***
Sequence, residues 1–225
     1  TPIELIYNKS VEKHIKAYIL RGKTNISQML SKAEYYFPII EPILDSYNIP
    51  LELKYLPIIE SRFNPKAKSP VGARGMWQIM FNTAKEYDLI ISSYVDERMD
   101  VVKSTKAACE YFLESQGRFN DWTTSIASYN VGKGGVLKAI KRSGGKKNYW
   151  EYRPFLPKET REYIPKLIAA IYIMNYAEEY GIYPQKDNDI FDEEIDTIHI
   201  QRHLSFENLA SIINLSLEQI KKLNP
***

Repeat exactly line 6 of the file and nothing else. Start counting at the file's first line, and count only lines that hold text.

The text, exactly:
   201  QRHLSFENLA SIINLSLEQI KKLNP